Whether James Bay is debuting new songs or reinventing old favourites, there’s a pre-established trust between artist and audience at his show, and that makes for a more than incredible night.
It has been three years since James Bay’s debut, Chaos and the Calm, was released and we’re only three singles into his sophomore effort, Electric Light (out 05/18/2018 via Republic Records), but you would never have guessed that Bay is in-between album campaigns if you stepped into Philadelphia’s Theatre of Living Arts on April 6th.
The theatre was packed for the sold-out show, filled to the brim with people of all ages eager to get a glimpse of the British artist, and anticipation was brewing just as quickly as the temperature of the room was rising.
Bay opened the night with an unreleased song off Electric Light, “Wasted on Each Other,” a bold move which he confidently owned and wowed the crowd the with. Following that with “Pink Lemonade,” his sophomore’s album second single, he’d already won the crowd over without playing anything they’d been familiar with for more than a month. Because that’s the kind of artist Bay is, once you see him step onstage you automatically trust him to deliver, and he does. There’s a pre-established trust between artist and audience, and that makes for a more than incredible night.
He then went on to play older favourites like “Craving” and “If You Ever Want to be in Love” which, now revisited with the aid of two backing vocalists and an artist who’s more secure than ever, makes you almost forget Bay was once a shy, long-haired man playing an acoustic guitar and wearing a hat. And the night continued like this, previous hits taken from his debut record interwoven with new songs the world will only get the privilege to hear in a little over one month.
As a performer, Bay is infectious. His stage presence and charisma take over the room, and as an audience member you’re either singing along to his words or completely enthralled by his performance and superb guitar skills.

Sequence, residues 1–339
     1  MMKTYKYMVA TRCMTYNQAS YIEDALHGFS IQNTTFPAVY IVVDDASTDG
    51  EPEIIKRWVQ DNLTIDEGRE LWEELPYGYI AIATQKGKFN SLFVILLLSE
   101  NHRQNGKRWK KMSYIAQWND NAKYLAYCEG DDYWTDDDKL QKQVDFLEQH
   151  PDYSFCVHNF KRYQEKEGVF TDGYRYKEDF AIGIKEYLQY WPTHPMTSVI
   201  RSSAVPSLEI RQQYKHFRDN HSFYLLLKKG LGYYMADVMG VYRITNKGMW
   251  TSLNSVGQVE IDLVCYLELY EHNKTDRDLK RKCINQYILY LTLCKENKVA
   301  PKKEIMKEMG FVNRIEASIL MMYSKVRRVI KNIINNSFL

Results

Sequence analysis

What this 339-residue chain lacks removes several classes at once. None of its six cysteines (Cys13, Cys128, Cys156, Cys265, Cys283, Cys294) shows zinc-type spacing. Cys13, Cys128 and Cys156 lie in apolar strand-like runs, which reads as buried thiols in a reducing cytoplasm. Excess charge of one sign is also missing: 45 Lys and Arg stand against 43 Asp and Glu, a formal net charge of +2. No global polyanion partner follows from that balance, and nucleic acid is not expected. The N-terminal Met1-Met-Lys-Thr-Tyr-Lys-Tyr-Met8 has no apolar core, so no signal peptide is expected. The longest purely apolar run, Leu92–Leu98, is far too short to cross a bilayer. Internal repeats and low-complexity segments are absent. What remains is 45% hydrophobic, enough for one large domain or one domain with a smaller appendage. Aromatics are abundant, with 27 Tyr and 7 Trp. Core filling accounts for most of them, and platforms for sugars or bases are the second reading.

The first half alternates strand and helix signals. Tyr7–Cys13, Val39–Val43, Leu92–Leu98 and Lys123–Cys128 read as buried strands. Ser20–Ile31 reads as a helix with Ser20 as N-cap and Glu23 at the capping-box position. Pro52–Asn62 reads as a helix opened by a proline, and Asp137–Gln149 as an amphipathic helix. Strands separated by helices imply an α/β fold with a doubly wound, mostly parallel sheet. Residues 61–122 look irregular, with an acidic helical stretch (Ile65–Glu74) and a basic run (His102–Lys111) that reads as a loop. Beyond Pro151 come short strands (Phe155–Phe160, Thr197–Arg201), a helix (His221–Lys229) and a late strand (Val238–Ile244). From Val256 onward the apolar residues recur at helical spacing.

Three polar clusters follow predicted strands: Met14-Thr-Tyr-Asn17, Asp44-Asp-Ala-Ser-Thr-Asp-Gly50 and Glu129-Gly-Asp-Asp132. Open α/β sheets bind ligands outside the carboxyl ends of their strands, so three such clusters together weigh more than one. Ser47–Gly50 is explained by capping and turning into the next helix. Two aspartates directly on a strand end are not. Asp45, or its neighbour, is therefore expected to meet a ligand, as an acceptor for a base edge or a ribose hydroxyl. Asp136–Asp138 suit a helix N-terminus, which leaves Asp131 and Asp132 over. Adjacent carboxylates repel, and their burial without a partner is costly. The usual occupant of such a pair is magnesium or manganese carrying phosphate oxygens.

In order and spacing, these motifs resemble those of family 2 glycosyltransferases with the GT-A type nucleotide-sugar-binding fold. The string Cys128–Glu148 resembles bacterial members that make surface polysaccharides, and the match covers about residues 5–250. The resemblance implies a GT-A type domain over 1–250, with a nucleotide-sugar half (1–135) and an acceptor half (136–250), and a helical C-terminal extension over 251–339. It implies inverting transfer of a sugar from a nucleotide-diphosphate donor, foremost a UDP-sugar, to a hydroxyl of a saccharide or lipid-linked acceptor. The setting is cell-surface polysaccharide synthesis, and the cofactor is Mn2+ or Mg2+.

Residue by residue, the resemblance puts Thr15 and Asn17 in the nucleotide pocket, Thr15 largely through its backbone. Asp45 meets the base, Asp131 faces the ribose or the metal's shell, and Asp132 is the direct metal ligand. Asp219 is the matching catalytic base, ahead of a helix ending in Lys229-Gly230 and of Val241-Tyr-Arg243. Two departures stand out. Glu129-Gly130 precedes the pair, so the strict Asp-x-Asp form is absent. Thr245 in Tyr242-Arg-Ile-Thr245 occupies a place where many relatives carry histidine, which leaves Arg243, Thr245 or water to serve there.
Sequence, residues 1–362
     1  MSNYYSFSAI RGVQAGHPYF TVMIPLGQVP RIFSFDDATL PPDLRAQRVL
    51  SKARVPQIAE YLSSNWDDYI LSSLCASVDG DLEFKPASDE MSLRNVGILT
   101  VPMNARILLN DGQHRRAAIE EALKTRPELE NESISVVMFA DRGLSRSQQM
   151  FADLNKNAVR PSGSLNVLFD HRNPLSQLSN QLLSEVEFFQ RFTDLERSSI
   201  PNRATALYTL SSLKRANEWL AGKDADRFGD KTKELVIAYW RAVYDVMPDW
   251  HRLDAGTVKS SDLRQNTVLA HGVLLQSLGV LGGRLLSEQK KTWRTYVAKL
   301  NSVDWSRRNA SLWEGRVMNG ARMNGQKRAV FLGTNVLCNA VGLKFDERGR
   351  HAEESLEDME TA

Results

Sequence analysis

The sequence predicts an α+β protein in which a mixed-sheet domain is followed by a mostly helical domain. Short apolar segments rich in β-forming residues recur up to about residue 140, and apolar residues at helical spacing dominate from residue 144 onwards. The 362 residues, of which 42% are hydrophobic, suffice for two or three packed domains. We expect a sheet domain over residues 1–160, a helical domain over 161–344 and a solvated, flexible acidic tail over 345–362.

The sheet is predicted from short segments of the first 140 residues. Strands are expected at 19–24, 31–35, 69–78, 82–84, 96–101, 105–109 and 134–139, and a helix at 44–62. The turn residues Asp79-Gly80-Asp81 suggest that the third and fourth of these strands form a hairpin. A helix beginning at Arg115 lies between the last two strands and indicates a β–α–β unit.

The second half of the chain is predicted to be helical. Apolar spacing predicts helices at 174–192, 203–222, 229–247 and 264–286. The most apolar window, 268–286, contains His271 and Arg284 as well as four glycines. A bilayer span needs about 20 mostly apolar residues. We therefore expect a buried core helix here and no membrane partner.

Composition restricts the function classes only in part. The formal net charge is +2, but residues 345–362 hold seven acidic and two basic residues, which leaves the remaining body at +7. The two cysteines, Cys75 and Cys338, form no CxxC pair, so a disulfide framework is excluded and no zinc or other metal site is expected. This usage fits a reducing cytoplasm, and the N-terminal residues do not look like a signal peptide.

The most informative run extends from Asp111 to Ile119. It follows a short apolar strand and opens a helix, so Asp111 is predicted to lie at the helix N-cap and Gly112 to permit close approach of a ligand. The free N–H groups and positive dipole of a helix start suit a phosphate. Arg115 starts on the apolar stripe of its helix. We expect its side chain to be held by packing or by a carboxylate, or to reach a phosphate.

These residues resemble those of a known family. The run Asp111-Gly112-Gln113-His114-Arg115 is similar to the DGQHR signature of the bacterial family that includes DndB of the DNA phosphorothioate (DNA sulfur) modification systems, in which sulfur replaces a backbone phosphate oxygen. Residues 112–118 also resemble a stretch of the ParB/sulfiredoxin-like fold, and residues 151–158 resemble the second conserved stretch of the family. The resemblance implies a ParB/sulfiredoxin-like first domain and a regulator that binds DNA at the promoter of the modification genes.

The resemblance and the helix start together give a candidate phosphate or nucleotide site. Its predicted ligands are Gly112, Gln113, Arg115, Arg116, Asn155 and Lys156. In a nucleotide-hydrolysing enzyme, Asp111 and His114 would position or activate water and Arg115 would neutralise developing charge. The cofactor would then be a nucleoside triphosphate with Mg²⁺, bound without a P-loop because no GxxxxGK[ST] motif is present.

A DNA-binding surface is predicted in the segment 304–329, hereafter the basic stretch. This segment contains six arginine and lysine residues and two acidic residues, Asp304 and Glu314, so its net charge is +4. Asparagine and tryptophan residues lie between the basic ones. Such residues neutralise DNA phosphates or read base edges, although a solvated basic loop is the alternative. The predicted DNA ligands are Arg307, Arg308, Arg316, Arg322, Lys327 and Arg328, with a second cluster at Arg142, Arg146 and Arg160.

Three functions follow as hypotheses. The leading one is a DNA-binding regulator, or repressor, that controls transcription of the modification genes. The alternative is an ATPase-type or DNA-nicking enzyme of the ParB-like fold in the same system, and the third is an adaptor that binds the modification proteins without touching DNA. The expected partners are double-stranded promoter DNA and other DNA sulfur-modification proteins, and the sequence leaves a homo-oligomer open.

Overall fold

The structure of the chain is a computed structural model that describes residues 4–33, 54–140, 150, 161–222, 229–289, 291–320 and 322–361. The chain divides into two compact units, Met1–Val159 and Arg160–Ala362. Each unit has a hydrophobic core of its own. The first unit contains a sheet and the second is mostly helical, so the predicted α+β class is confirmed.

But Bay is also a master of pulling you in for the quiet moments. During a performance of new song “Slide,” a single spotlight illuminated Bay, stripped of a guitar, planted by the mic stand ready to sing a song while standing almost still. Beside him, the whole band except for the pianist congregated around another microphone. Once the ballad started, it was undeniable that everyone was witnessing a special moment. When the choir joined, what was special and heartfelt became religious.
A highlight of the night was Bay’s rendition of hit “Hold Back the River.” He started by asking the audience to participate, singing the words “lonely water,” and an exchange ensued between band and audience, playing and repeating these two words for minutes, having it grow in intensity until you felt like the energy could not fit inside the room anymore. And then Bay sang the famous opening line “Try to keep you close to me, but life got in between,” and people couldn’t contain themselves.
Bay is paving the way to what appears to be his most ambitious project yet, and successfully so. Impressively, he makes his reinvention not look like a reinvention at all, but rather an authentic expression of an artist’s development and growth, and by the end of the night the man with the hat and the glamorous, confident rockstar have fused into one so much you forget they came at different times. Other than being supremely talented and a great artist, Bay knows how to cultivate and captivate an audience, probably the most difficult thing to do if you’re living in a playlist world and have not released something new in three years. Now all that’s left to do is wait for May 18th.
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? © Nicole Almeida